1. In hypothesis testing, the only two legitimate outcomes are either to not reject the null hypothesis or to reject the null hypothesis and accept the alternate hypothesis. Notice that the first conclusion specifically does not say to accept the null hypothesis. Why not?
2. In all of the cases we discussed the hypothesized difference in the mean was zero. Would it be possible to have a hypothesized difference of something other than zero? If so can you think of an example?
1. The first conclusion specifically does not say to accept the null hypothesis because the test is based on the claim which is the alternative hypothesis and if we are rejecting the null hypothesis that means we are accepting the alternative hypothesis but if we do not reject the null hypothesis that means we are not accepting the null hypothesis it does not refer to null hypothesis. The null hypothesis is assumed against the alternative and considered true hence we are only interested in rejecting or not rejecting it instead of accepting as acceptance is assumed.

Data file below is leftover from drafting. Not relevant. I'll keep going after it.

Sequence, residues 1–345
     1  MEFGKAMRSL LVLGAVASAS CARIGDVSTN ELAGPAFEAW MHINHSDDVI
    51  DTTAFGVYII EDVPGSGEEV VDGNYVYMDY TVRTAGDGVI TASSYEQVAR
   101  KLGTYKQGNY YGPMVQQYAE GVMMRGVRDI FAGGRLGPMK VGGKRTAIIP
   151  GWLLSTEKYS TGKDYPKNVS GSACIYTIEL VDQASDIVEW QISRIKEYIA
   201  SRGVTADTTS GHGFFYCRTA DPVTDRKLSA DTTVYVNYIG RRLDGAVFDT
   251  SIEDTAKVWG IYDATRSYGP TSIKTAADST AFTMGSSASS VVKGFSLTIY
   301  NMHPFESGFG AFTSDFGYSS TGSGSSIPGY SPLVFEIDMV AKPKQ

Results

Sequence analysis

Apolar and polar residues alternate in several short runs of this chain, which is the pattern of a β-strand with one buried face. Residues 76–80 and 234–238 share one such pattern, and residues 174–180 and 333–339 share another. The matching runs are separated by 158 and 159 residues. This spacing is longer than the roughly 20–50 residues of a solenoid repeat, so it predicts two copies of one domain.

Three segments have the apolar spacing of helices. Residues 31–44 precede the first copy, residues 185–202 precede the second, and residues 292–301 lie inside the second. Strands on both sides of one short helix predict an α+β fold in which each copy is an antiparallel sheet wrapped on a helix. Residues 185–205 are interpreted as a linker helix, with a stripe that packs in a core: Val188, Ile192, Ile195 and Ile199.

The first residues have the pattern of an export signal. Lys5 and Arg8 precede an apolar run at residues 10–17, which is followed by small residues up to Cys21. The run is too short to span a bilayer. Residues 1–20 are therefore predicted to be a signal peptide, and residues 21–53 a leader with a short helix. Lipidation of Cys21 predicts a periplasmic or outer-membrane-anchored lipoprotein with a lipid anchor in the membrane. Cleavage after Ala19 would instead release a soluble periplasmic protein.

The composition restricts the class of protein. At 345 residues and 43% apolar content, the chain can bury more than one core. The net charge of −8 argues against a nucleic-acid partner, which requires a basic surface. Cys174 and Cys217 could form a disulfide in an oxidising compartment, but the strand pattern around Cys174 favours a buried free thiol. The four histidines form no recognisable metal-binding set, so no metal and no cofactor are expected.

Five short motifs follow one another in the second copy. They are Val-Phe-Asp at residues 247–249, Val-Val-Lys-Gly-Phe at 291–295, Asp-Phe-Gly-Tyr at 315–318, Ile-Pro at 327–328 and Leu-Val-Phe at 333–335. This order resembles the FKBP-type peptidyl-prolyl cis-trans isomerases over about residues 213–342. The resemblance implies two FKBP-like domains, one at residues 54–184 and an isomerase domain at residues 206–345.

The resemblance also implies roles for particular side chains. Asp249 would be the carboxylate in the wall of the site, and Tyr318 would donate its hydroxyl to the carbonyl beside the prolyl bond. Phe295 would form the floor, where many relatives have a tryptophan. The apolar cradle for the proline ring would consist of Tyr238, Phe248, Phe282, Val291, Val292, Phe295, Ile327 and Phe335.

2. Yes, it is possible to have a hypothesized difference of something other than zero. For example, we can hypothesize that the difference between the average weight of lions and the average weight of lionesses is 2 kgs.
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